Near-infrared fluorescent molecular probes for imaging and diagnosis of nephro-urological diseases
Near-infrared (NIR) fluorescence imaging has improved imaging depth relative to conventional fluorescence imaging in the visible region, demonstrating great potential in both fundamental biomedical research and clinical practice. To improve the detection specificity, NIR fluorescence imaging probes have been under extensive development. This review summarizes the particular application of optical imaging probes with the NIR-I window (700–900 nm) or the NIR-II window (1000–1700 nm) emission for diagnosis of nephron-urological diseases. These molecular probes have enabled contrast-enhanced imaging of anatomical structures and physiological function as well as molecular imaging and early diagnosis of acute kidney injury, iatrogenic ureteral injury and bladder cancer. The design strategies of molecular probes are specifically elaborated along with representative imaging applications. The potential challenges and perspectives in this field are also discussed.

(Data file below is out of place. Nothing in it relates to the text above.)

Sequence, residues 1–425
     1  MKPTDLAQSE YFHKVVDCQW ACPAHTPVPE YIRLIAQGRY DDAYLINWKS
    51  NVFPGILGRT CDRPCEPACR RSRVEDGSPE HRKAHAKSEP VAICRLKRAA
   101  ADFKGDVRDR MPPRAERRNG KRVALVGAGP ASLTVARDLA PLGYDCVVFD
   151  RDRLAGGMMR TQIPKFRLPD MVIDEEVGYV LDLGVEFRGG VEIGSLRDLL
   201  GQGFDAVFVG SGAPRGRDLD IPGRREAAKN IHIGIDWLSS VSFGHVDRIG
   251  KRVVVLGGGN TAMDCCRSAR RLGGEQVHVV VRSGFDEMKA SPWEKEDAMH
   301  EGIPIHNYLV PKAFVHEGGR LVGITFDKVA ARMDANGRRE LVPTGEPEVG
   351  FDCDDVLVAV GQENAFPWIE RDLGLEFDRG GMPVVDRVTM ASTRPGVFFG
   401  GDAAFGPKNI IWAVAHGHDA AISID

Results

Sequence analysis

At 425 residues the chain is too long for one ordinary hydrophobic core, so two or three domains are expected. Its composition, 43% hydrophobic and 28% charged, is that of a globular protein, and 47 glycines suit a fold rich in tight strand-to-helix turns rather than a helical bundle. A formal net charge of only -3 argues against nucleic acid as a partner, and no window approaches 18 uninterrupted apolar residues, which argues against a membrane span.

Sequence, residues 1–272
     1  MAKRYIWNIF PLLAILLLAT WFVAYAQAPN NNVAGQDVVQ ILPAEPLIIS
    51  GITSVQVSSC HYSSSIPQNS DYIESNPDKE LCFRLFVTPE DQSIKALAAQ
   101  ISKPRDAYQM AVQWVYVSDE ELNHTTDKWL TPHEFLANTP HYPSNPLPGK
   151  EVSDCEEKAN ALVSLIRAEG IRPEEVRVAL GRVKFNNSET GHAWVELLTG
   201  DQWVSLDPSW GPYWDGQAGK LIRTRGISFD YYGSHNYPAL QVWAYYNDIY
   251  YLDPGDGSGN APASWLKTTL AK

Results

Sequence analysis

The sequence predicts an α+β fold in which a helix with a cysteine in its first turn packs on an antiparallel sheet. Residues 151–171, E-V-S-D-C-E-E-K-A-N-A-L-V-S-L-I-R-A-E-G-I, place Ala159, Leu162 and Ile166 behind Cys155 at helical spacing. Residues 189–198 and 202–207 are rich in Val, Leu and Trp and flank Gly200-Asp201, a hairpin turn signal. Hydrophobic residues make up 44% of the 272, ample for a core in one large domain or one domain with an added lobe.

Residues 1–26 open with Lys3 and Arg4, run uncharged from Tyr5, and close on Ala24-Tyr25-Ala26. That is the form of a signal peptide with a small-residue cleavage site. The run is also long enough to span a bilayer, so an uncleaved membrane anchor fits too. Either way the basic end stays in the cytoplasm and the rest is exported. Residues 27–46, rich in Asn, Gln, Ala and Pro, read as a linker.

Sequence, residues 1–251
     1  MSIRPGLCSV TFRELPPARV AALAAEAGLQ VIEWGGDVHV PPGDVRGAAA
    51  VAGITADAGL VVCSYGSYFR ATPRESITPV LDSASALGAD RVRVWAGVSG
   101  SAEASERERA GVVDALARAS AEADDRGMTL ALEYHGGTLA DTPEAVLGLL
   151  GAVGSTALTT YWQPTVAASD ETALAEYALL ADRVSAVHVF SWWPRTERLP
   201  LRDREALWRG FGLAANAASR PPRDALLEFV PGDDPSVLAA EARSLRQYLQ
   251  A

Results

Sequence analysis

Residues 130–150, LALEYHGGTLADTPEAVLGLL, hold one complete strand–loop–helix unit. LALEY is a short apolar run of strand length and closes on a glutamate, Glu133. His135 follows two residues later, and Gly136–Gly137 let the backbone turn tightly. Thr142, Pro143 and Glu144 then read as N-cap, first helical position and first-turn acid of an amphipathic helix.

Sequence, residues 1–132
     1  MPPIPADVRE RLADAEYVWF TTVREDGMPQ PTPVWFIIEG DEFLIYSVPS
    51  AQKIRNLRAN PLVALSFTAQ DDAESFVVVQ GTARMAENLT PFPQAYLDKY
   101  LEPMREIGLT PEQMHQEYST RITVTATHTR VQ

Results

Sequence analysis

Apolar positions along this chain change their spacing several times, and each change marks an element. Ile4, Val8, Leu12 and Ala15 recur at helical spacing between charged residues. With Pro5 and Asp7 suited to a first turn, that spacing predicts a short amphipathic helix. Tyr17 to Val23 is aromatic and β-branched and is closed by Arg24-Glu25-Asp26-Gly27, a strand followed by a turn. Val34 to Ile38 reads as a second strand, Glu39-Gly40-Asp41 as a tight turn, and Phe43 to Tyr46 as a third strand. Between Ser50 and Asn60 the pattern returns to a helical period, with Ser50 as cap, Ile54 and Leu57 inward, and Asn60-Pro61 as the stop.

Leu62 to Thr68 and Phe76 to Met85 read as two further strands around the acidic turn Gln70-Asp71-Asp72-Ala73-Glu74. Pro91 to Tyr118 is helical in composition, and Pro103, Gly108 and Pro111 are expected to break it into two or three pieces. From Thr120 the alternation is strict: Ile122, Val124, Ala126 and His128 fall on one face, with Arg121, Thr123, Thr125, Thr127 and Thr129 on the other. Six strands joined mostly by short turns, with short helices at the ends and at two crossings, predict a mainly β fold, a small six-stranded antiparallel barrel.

- This article is part of the themed collections: Chemical Science Recent Perspective articles, Near-infrared (NIR) luminescent probes for bioimaging and biosensing and 2020 Chemical Science HOT Article Collection